Wikipedia has a good explanation why the SPDIF / TOSLINK issue will never be resolved. The issue is due to the original SPDIF / TOSLINK specifications and not the fault of WD. In essence the digital clocks in the WDTV box and external amplifiers cannot synchronise using a SPDIF / TOSLINK connection.  A hard reset on the WDTV box will only give both digital clocks an initial synchronous pulse. Once the digital clocks drift and they do drift; there is no known method to physically maintain the digital clock synchronisation.

I used to build and modify audio equipment. I conducted a number of tests using a number of high quality CD’s, a Yamaha RXV 457 amplifier and a pair of Stax SRX Mark 3 electrostatic headphones. The analogue audio was reasonable for what the WDTV Live box was designed for; definitely not audiophile quality.

From the limited research I have done on streaming devices; it is my understanding that Sigma manufacture the majority of the chips used in streaming devices. Sigma is very secretive with their specifications. Sigma doesn’t publish the harmonic and inter-modulation distortion specification charts for their devices. Without those specifications it is almost impossible to match the Sigma device to an external amplifier and speakers.   

Based on past experience; regardless of the manufacturer marketing the streaming device, if it contains a Sigma chip the audio performance will be identical. In the past audio guys including myself have traced the circuits on consumer gear and replaced the discrete audio IC output with a higher quality IC. This has resulted in a reasonable audiophile grade HiFi performance at a minimal cost. I have not pursued that path because my WDTV Live box is still under warranty.

Purchasing a streaming box is not an easy decision. I can only give general advice. It depends on the region you live in, the cost and availability of the devices on the market and most important will the device perform adequately for the job it was purchased. I would suggest before anyone builds or purchases a dedicated audio streaming device, that they read the hydrogenaudio forums and ask the forum members for audio opinions. If people encounter valuable information applicable to the members of this forum; maybe they will share that information on this forum.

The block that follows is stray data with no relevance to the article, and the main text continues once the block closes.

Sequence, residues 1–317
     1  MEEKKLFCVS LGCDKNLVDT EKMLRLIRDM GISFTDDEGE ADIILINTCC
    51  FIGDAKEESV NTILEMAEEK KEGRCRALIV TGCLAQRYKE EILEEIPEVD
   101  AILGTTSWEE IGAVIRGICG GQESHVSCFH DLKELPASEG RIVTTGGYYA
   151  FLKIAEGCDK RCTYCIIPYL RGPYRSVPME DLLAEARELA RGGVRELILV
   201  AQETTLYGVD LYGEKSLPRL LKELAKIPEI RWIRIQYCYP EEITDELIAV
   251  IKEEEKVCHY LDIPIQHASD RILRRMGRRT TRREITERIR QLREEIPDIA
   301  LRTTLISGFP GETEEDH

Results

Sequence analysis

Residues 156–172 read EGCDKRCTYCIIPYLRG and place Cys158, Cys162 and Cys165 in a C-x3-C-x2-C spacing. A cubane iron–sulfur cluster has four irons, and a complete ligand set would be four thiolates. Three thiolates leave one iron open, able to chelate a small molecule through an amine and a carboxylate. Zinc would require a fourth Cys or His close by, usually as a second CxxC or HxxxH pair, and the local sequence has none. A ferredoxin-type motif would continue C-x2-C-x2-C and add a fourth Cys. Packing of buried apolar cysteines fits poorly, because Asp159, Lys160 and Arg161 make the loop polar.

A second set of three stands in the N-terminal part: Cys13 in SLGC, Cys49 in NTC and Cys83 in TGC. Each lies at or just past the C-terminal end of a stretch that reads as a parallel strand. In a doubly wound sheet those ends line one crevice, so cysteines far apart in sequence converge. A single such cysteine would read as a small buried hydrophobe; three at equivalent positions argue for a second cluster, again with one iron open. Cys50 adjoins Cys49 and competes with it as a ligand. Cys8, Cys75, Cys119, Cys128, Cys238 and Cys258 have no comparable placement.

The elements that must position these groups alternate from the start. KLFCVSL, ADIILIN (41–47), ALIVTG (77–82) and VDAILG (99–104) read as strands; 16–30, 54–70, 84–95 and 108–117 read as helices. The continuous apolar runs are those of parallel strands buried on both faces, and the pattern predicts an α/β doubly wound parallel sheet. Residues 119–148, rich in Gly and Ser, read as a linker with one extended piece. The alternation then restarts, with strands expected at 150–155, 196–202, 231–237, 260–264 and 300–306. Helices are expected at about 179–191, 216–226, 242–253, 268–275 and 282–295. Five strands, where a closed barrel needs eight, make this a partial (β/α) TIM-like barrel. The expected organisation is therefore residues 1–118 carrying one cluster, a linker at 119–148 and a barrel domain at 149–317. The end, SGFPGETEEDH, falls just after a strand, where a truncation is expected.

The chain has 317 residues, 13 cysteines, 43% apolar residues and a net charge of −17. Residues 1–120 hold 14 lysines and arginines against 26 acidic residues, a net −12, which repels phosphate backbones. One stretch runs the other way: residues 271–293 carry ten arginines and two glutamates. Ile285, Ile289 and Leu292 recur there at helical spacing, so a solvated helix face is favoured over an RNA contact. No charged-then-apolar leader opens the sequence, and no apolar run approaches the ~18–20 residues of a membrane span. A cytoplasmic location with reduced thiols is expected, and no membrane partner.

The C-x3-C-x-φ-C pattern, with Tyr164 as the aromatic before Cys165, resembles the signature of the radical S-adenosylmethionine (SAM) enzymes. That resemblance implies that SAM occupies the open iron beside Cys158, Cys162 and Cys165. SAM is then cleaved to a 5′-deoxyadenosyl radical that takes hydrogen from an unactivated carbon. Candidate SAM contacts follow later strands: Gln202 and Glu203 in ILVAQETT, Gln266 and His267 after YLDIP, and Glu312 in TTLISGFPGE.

Wow - you guys sounds like you know your stuff … a bit over my head, but I’m willing to dive in.  I’ll check out the hydrogenaudio forums.  In any event, since I haven’t tried putting audio on the WDTV at all yet, it sounds like maybe I shouldn’t waste my time, as it’s  not an ideal alternative to a CD jukebox/iPod music player.  I wonder if I should have skipped the WDTV altogether and gone for a compact HTPC …

Thanks for the input

  • Dennis

@Panoguy - The excess gain issue effects HDMI as well as Toslink audio. You’re welcome to reproduce it yourself using the mp3 I posted under the first link above, but be sure to keep the volume down so you don’t damage your Stax, because this issue is for real.


Actually you’ll need an AV Receiver instead of a HD media player for enjoying high quality audio. By high quality I mean surround sound like Dolby Digital 5.1, DTS 5.1 and above.  And good speakers too.